12v to USB Adapter \ 12v to 5v Transformer (great for Cars)

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Introduction: 12v to USB Adapter \ 12v to 5v Transformer (great for Cars)

This will show you how to make a 12v to USB (5v) adapter. The most obvious use of this is for 12v car adapters, but anywhere you have 12v you can use it! If you need 5v for anything other than USB, simply skip the steps about adding the USB ports ;)

Step 1: Material

You will need

More information on the fuse: you can use a higher rated one if you use a different transistor that
can take higher amperage. Because we put the fuse on the 12v side, (which can vary from 11.5-12.5 volts, we have to use a value 2.5x smaller than what we want on our USB side. So, if you want 1.5 amps for your USB ports, then you select a 0.6amp fuse, if you want 2.5 amps at 5v, you select a 1 amp fuse, if you want 3.75 amps, you select a 1.5 amp fuse, etc.). Also, if you really want to protect your circuit badly, just put one on both sides.

Of course, you can also use an existing 12v-5v converter in your car, be it light duty, medium, or heavy duty; or use these nice power adaptor that are meant to be integrated into other projects or this beefier waterproof, super high power alternative with a heatsink. They are nice because of their screw terminals.

Step 2: Prep the Transistor

The Transitor has 3 pins, we will call them pins 1 2 and 3 (when you are looking at the transistor and it's heat sink / metal plate is facing AWAY from you). Pin 2 is the GROUND (-).

- Pin 1 will be connected to the power supply, passing by the fuse. there are different size of fuse holders, the size does not really matter as long as it has the same ratings. There might be a 1$ difference or something.
- Pin 2 will be connected to the ground (-) so we will just add a wire

Step 3: Add the Capacitor

The capacitor will be connected to pins 2 and 3 (the shorter leg goes to the ground \ pin 2)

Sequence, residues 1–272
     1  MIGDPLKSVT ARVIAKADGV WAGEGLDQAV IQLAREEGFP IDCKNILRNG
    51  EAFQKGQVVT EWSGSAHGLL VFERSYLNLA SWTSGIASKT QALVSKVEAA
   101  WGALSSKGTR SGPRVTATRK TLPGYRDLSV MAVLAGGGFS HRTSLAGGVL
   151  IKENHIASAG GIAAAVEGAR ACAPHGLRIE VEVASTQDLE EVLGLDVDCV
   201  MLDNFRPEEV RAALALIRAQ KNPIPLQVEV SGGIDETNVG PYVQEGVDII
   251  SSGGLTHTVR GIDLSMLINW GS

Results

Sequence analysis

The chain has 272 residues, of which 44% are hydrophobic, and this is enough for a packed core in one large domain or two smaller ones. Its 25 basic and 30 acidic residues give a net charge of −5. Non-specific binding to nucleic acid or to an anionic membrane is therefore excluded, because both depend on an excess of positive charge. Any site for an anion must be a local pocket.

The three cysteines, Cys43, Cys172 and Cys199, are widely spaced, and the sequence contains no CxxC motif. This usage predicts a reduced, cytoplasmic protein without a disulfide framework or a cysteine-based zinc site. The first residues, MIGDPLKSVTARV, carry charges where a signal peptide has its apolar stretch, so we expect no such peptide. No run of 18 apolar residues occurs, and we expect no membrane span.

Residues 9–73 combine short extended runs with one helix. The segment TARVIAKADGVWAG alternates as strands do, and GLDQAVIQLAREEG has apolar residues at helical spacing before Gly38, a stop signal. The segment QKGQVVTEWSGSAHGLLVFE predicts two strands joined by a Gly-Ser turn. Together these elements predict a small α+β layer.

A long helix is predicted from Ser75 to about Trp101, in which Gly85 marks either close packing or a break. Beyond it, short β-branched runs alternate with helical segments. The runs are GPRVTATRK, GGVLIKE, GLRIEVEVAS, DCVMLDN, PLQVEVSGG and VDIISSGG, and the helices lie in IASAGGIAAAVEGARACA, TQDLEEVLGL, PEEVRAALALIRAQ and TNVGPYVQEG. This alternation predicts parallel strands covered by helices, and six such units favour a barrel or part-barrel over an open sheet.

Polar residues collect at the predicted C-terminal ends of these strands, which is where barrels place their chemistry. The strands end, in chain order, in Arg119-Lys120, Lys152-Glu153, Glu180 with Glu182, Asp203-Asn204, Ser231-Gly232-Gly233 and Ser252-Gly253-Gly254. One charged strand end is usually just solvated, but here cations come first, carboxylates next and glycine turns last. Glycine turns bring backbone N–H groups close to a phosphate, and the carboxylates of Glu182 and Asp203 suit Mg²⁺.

This capacitor's role is to mitigate startup power-spikes.

Step 4: Wiring the Ports

The USB will be connected to pins 2 (- ground) and 3 (5v +). You can use this diagram; use the picture called "receptacle". I have used salvaged USB ports, if you order them, they will probably be a bit easier to solder. The advantage to this is to have a solidly joined pair as I have.

If you have more than one port, connect all the pins 1 to pins 1 and pins 4 to pins 4

*more detailed note on why the ports are wired the way they are, skip if you don't care* In order to keep the voltage steady at 5v, your ports should be in parallel rather than in series in order to keep the voltage constant. What does this mean? quite simply you make sure that the red wire goes to every positive port you have (do NOT go "wire to +" and then "from minus go to next +"). Does each red wire have to leave from the same place? no, the importance is just that they all touch each other.

Step 5: LED Indicator

If you are adding the LED, place it the same way as the capacitor, but put the appropriate resistor in series with it (this calculator will tell you how, use 5v as the voltage in the 1 LED calculator) (aka, make it an extension of either one of the legs). You might want to put this on wires so you can move the LED to a better position later on.

Step 6: Encase

I like to encase circuits in hot glue, because I find hot glue is easy to apply and easy to remove, but will not be removed by accident.